Phoenix’s Title Push Has Maximums, Minimums, And Nothing In Between
3:12 PM EDT on July 17, 2023
The Phoenix Suns, who went all-in on a championship push with a trade for Bradley Beal back in June, did some small-time deals Sunday. They signed delightful spaghetti-shaped journeyman Bol Bol to a minimum-value, one-year contract, and they traded delightful pear-shaped journeyman Cameron Payne to the San Antonio Spurs. Next season the Suns will pay $163 million to a four-man core, and will surround that core with 11 players who are being paid the minimum allowable salary. The NBA's newly stiffened luxury tax is extraordinarily punitive—a team paying its way to the tax's very doorstep for a four-man superstar tandem almost has no choice anymore but to fill out the rest of its roster with cheap bozos.
That means sacrifice. This was already extraordinarily painful when it meant shipping out Mikal Bridges and Cameron Johnson in the Kevin Durant trade, but in that case when the Suns cut loose of some likable young dudes it was in exchange for one of the game's greatest players. The loss of Payne is less destructive of Phoenix's future, but it sucks pretty bad. Payne was a feel-good reclamation project in Phoenix, a guy they'd salvaged from the scrap heap and made into a valuable rotation player. In the deal Sunday they swapped him for nothing, or almost literally nothing. Soon after guaranteeing Payne's contract for the upcoming season, the Suns packaged him with a future second-round draft pick and sent him to San Antonio in exchange for ... a second-round draft pick. This is a pure salary dump: As explained by John Hollinger of The Athletic, by guaranteeing Payne's contract and then shipping him out in a trade that brings back zero salary—instead of just waiving him into free agency back in June—the Suns rid themselves of his salary, gained a useful trade exception, and trimmed what will be an extravagant luxury tax bill for new owner Mat Ishbia.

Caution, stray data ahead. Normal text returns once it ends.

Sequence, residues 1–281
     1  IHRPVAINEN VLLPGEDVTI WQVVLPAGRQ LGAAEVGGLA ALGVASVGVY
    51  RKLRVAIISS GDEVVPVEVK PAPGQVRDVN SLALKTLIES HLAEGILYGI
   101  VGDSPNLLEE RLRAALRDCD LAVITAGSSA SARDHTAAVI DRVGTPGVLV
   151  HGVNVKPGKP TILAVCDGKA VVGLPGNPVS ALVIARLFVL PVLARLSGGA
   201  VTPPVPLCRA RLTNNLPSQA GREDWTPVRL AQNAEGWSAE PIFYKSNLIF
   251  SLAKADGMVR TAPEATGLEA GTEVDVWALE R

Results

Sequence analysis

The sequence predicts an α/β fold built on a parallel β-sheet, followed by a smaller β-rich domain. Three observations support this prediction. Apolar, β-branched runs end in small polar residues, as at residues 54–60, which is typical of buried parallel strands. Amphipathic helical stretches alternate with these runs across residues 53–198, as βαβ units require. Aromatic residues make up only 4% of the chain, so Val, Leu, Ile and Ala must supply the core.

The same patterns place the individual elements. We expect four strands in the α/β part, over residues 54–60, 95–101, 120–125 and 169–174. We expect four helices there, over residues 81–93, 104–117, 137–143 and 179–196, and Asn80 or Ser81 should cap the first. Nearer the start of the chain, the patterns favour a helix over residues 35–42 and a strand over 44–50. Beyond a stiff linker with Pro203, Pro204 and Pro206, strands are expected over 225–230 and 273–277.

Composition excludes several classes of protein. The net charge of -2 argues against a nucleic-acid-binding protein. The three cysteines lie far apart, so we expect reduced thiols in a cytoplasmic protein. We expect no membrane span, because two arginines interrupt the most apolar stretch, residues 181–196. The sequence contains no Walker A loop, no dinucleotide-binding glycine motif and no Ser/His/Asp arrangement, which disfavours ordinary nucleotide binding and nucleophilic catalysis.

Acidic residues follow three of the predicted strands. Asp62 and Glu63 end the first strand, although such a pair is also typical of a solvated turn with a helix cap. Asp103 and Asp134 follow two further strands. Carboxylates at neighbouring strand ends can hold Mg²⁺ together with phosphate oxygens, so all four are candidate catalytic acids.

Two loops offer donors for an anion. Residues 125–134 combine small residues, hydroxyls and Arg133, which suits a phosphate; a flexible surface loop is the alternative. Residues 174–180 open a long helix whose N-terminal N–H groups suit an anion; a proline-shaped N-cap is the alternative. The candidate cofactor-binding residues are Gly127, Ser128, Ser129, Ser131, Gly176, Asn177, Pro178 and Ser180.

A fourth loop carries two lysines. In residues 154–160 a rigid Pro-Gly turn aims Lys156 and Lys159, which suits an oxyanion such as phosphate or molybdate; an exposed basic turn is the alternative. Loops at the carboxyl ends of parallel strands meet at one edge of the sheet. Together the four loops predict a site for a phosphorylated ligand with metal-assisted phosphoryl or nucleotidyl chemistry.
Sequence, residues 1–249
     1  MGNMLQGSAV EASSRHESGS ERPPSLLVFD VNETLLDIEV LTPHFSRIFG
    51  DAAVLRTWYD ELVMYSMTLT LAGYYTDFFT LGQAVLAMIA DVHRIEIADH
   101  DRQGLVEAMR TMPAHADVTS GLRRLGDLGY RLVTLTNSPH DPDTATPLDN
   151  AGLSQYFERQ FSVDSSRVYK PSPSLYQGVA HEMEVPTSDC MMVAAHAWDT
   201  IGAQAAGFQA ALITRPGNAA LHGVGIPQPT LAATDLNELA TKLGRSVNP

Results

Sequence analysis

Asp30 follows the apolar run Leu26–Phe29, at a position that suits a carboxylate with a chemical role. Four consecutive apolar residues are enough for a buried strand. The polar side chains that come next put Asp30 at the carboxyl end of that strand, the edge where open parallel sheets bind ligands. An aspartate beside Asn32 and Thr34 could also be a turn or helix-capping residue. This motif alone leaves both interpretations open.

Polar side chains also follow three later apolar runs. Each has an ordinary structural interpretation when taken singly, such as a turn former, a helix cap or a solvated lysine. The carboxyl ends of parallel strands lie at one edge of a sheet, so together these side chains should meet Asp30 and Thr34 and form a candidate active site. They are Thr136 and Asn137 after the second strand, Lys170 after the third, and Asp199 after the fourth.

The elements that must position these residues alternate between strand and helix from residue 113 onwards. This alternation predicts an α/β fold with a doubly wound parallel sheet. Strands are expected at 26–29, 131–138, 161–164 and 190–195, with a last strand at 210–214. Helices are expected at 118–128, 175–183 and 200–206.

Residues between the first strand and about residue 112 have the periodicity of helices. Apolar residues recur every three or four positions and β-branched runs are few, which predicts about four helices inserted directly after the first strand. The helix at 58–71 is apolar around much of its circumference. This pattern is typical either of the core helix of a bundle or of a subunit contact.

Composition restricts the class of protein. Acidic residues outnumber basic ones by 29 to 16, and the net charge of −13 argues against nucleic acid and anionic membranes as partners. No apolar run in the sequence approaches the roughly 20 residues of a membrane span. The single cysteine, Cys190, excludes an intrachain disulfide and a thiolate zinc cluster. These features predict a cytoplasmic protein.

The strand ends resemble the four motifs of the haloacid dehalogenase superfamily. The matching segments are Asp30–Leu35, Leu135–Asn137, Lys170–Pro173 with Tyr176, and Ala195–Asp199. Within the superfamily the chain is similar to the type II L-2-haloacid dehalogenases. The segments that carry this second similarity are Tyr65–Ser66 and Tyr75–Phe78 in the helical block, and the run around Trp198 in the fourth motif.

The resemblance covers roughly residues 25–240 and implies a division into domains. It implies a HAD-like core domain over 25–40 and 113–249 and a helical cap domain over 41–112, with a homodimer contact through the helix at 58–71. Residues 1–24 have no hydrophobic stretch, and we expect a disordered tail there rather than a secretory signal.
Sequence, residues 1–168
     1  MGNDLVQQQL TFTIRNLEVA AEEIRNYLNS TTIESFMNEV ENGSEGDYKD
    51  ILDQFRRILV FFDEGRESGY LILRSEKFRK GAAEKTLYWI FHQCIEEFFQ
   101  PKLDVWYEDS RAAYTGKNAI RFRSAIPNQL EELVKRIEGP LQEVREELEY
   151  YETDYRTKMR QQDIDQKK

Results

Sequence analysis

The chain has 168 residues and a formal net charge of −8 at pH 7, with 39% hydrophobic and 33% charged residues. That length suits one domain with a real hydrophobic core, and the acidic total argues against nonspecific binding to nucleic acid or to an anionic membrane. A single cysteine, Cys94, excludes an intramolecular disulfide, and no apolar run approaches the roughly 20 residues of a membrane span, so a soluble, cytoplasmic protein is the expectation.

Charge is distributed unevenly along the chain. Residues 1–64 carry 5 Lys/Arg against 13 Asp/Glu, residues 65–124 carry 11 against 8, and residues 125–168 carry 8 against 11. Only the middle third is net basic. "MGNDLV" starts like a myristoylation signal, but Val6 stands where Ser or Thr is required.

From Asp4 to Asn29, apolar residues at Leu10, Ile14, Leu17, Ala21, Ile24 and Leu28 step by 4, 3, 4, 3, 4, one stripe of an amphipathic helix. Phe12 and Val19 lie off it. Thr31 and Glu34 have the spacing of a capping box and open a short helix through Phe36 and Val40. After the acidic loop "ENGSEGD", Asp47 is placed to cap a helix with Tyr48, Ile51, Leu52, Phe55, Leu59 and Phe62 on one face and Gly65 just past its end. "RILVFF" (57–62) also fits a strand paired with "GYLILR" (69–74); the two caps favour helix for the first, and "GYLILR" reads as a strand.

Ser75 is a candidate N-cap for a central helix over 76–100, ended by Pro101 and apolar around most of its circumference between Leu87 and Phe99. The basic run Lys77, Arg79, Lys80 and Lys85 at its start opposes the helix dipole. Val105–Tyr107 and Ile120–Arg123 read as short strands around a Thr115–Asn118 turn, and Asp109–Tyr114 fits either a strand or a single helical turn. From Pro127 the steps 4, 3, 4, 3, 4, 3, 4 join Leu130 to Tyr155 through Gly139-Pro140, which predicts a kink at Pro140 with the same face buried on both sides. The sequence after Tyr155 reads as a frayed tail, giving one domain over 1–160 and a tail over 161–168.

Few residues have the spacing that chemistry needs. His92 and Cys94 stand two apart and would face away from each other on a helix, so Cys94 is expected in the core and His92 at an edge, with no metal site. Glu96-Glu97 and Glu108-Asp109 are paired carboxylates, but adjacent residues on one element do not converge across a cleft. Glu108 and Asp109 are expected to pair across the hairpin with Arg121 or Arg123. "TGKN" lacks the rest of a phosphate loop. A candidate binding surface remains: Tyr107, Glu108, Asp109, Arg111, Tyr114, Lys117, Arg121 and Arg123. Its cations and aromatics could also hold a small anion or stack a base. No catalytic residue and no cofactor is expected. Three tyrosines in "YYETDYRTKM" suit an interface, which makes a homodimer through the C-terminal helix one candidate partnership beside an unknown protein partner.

Ishbia will, I'm sure, be grateful to general manager James Jones for this nimble bit of payroll management, but it stinks for the team, for the team's fans, and for Payne, who goes from being the sixth man on a contender to babysitting Victor Wembanyama while playing out an expiring contract. It's a bitter turn for a guy who recently played his way back from professional basketball's hinterlands. Payne's career was in the toilet before he landed on the Suns for that accursed bubble run in 2020. Foot injuries and clogged backcourts spoiled his chances to catch on as a rotation player in Oklahoma City and Chicago. By January 2019 he was hanging onto the NBA's bottom rung via 10-day contracts; later that year he couldn't win an NBA job by the conclusion of teams' training camps, and wound up first in China and then in the NBA's developmental league. It was lovely, an unlikely and unambiguously happy development, when things suddenly clicked for Payne in Phoenix, and he found himself playing big heroic minutes for a title contender.